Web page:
You can call it the Carolina Shag, the Madison or even Swing
Call it what ever you want too it will still be the
Big Apple!

The origin of the Big Apple dance most likely originated from the “Ring Shout”.
The Ring Shout was a group dance associated with religious observances by African Americans on plantations in South Carolina and Georgia around 1860.

The truth is that the “Ring Shout” was of African origins and mixed with American Christian beliefs. It was done most times in secret because Blacks in the south was restricted in their beliefs and behavior by their white slave owners.

African Americans continued to practice the Ring Shout in South Carolina and Georgia
The Ring Shout was a dance that went counterclockwise circling, arms raised high with arm and leg gestures.

I discovered that this dance is still being practiced today in small church populations of the southern United States.

Most believe that southern African Americans started to turn their parent’s religious observances into a fun dance for the young people in their community.


The Big Apple became widely known in the early 1930s.
African-American youth doing the dance created the Big Apple Club, which was at the former House of Peace Synagogue on Park Street in Columbia, South Carolina.

In 1936, white students from the University of South Carolina heard the music coming from the juke joint as they were driving by.

Even though it was very unusual for whites to go into a black club, the three asked the club’s owner, Frank “Fat Sam” Boyd, if they could enter.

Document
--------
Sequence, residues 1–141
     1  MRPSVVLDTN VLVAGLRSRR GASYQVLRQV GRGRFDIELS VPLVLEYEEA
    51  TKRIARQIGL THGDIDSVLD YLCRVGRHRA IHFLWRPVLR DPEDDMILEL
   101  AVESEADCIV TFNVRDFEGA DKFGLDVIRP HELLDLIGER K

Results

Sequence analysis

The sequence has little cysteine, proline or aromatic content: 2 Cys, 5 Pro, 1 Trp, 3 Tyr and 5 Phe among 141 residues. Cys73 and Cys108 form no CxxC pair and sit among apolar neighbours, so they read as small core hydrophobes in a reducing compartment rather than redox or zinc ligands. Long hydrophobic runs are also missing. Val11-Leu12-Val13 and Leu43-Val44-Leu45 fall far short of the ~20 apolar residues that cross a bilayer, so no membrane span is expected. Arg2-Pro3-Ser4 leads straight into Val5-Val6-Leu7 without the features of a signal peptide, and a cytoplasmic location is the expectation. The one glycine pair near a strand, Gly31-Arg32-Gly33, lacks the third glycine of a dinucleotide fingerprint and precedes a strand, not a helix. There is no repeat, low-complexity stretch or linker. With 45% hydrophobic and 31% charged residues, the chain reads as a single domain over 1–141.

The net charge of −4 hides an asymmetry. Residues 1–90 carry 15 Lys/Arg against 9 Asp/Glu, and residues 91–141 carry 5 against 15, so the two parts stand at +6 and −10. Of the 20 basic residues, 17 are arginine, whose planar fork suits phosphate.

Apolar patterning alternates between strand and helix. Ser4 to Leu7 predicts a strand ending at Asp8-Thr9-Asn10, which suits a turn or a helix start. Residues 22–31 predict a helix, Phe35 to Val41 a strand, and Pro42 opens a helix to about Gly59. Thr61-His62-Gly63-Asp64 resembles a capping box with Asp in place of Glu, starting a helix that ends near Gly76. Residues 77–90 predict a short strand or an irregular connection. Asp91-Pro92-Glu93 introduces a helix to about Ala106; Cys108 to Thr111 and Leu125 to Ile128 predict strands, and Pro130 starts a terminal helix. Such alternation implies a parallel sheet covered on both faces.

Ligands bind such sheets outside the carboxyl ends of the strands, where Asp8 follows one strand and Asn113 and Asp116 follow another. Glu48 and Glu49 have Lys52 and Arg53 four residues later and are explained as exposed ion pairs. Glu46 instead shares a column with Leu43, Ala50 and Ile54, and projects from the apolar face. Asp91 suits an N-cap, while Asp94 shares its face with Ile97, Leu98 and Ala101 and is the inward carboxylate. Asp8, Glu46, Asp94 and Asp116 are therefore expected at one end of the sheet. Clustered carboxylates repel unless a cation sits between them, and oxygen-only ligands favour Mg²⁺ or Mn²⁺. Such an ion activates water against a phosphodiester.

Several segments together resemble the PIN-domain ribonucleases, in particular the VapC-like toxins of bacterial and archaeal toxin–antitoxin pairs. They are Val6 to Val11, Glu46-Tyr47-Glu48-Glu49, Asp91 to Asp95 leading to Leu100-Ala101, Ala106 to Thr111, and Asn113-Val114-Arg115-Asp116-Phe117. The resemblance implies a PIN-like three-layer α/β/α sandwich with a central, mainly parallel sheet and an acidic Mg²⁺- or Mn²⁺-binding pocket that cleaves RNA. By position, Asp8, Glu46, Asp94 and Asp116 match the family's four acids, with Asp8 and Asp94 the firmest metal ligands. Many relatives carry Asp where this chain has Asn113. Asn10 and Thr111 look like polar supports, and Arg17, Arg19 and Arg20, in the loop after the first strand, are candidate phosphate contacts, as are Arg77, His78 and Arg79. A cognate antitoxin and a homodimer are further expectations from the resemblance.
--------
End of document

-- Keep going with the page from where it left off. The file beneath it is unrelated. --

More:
With two conditions they could they had to pay twenty-five cents each and they had to sit in the balcony.
During the next few months, the white students brought more friends to the nightclub to watch the black dancers.

The white students became so fascinated with the dance that, in order to prevent the music from stopping, they would toss coins down to the black dancers below them when the dancers ran out of money for the jukebox.

The white dancers eventually called the dance the black dancers did the “Big Apple”, after the nightclub where they first saw it.
During the summer of 1937, the students from the University of South Carolina started dancing the Big Apple at the Pavilion in Myrtle Beach

 “We always did the best we could to imitate the steps we saw”.

The news of the new dance craze spread to New York, and a New York talent agent, Gae Foster, traveled to the Carolinas to audition dancers for a show at the Roxy Theater, the world’s second-largest theater at that time.

After the engagement at the Roxy, the group became known as “Billy Spivey’s Big Apple Dancers” and toured the country for six months

By the end of 1937, the Big Apple had become a national dance craze. On December 20, 1937, Life featured the Big Apple in a four-page photo spread and the magazine predicted that 1937 would be remembered as the year of the Big Apple.


In the 1980s, Lance Benishek and Betty Wood started to tour the US and Europe teaching the Big Apple.

The 50th anniversary of the dance was celebrated in 1988 in Columbia, South Carolina, at the location where it all started.

 

 

A short history of the Big Apple


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